For patients with continuing symptoms and disability, often with coexisting psychological problems such as abnormal health beliefs, depressed mood, panic attacks, or other disabling physical symptoms such as fatigue or palpitations, psychological or psychopharmaceutical treatments have a role. We recognise however that cardiologists working in busy outpatient clinics may require additional resources if they are to provide adequate management of these patients. One possibility is to employ a specialist cardiac nurse who has received additional training in the management of these clinical problems, and who could undertake explanation and routine follow up in a separate part of the cardiac outpatient clinic.14
A small number of patients have complex enduring problems that are difficult to manage and may require specialised psychological help tailored to their specific needs. Recent evidence from controlled studies supports the use of both antidepressant drugs and cognitive behavioural therapy.16-18 The analgesic effect of imipramine was harnessed in a study of patients with chest pain and normal coronary arteries: there was a mean reduction in frequency of chest pain episodes by 50% in the imipramine group, which occurred independently of baseline levels of psychiatric morbidity and oesophageal abnormalities.16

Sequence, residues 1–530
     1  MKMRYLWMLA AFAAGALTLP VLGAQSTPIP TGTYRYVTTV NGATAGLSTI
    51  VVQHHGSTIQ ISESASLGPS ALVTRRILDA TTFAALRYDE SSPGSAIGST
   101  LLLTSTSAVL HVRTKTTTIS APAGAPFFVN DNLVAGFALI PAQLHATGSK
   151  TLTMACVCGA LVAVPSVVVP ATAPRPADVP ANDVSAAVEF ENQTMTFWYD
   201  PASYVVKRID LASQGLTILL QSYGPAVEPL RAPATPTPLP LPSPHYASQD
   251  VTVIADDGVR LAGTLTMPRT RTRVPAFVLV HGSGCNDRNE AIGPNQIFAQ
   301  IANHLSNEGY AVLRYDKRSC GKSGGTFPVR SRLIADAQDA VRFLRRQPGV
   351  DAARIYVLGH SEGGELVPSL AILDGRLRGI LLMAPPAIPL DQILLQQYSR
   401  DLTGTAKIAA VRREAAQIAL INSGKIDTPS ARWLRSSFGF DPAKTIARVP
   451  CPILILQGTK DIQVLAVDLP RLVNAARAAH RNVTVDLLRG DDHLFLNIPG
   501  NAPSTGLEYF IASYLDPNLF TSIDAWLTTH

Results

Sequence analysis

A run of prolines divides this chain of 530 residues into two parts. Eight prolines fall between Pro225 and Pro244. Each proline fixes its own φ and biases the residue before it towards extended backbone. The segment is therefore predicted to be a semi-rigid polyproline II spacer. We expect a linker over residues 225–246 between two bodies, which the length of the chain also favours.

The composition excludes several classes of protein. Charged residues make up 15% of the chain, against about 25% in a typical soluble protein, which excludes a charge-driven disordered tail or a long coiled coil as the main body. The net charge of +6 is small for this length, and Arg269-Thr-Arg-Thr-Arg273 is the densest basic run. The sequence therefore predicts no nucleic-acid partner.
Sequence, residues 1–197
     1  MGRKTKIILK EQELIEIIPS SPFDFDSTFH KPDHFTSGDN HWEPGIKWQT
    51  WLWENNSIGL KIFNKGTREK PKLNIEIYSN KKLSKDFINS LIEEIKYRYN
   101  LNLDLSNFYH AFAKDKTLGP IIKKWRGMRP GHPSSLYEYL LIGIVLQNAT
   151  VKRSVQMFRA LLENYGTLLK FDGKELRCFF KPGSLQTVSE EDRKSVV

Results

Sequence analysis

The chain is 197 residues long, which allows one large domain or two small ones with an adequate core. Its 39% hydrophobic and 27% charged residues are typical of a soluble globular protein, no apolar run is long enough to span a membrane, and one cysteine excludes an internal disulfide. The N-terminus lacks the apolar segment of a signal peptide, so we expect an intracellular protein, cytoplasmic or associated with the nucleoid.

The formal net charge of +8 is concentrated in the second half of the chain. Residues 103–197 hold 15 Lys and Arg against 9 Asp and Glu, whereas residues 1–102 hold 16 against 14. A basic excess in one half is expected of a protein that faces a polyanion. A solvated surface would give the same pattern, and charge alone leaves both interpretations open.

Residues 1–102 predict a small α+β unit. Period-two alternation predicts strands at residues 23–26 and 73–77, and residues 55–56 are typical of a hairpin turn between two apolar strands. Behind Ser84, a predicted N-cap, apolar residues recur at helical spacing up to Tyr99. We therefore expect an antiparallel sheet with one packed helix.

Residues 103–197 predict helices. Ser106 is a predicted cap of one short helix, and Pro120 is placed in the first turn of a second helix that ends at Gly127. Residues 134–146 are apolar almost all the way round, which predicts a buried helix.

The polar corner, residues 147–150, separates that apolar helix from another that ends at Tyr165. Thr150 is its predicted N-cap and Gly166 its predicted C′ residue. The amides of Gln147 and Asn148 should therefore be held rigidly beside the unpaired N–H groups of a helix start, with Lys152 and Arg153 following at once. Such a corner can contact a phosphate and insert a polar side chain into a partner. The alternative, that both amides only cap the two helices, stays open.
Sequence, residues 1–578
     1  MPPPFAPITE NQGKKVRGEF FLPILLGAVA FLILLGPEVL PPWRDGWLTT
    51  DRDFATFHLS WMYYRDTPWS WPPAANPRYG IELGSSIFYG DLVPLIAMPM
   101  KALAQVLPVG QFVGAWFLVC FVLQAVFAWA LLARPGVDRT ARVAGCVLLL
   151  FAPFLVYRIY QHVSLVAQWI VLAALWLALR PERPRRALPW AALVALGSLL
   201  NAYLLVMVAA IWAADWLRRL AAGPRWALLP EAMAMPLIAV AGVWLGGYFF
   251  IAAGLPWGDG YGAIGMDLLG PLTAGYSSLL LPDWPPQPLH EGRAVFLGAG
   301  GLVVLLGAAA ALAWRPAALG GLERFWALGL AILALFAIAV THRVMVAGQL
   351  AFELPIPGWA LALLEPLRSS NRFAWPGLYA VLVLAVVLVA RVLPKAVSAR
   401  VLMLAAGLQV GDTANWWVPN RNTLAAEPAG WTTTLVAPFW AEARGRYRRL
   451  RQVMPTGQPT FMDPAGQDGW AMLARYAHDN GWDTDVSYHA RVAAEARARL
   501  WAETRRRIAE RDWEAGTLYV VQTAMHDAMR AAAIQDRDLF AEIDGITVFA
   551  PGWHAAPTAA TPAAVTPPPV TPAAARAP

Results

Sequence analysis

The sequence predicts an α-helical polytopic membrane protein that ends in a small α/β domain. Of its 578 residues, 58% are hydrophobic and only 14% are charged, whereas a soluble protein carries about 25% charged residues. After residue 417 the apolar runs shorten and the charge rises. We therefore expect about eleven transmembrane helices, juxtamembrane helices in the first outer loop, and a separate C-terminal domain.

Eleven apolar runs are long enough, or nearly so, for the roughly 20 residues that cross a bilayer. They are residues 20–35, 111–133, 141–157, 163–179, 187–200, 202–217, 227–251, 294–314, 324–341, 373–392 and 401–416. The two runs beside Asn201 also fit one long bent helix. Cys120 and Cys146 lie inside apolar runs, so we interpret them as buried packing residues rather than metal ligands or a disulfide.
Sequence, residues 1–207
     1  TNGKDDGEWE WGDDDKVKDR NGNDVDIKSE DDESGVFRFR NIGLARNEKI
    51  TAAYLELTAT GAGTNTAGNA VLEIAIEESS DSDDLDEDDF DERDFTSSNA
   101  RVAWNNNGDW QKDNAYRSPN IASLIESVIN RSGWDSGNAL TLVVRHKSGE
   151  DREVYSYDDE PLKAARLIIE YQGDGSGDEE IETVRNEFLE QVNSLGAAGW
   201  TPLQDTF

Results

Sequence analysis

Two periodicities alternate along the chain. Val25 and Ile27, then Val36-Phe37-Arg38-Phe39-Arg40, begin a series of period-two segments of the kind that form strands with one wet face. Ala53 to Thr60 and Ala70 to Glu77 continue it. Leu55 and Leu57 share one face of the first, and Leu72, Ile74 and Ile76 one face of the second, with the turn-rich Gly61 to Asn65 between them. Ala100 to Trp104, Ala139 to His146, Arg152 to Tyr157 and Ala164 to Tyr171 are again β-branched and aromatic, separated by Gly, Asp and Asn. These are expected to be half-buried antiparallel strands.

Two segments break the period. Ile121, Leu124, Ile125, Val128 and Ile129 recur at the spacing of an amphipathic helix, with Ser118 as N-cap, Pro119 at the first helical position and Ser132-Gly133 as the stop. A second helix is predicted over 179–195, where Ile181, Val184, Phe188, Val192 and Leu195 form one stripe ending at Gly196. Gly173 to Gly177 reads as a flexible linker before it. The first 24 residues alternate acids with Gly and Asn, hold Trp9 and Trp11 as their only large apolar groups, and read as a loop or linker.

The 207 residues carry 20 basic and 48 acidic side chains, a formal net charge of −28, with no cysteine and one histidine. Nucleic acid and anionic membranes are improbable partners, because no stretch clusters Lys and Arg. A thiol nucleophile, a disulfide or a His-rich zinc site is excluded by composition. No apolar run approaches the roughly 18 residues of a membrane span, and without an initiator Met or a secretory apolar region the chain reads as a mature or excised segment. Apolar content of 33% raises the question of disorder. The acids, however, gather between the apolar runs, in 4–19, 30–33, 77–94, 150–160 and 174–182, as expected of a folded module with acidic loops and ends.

Cognitive behavioural therapy is a psychological treatment that identifies the distinctive pattern of symptoms, thoughts, emotions and behaviours involved in the patient's chest pain. It is important to identify the thoughts that support the patient's negative beliefs—for example, “my heart won't stand any exercise,” and thereafter to encourage the patient to carry out actions that oppose these fears; in this case a course of graded increase in activity. Cognitive behavioural treatment has been shown to be effective in recent randomised controlled trials,17 ,18 in both individual and group settings.19
A more imaginative approach is needed for the assessment and management of patients with chest pain. Attempts to establish a positive diagnosis of non-cardiac pain at an early stage after presentation would limit the potential for iatrogenic harm and probably reduce disability in these patients. This can be done in many cases by the general practitioner, sometimes with the help of rapid access chest pain clinics or other locally agreed arrangements. There must be a clear explanation and discussion with patients and families whether ischaemic heart disease is diagnosed or not, as well as follow up to determine any further need for treatment. There must be provision for easy referral to a rheumatologist, gastroenterologist, or psychiatrist/clinical psychologist. Care based on a symptom rather than a system can be expected to lead to more efficient use of investigations and medical treatment.